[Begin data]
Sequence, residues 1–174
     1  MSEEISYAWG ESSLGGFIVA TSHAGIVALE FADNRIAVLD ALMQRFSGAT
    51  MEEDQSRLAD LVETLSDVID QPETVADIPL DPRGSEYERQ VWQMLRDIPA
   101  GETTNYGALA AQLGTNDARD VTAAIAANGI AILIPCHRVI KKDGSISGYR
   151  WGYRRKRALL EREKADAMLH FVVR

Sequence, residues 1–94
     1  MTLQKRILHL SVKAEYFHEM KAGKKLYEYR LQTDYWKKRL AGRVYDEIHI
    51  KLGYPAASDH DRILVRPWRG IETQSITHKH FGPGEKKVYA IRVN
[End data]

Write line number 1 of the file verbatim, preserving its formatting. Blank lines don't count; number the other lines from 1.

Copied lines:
Sequence, residues 1–174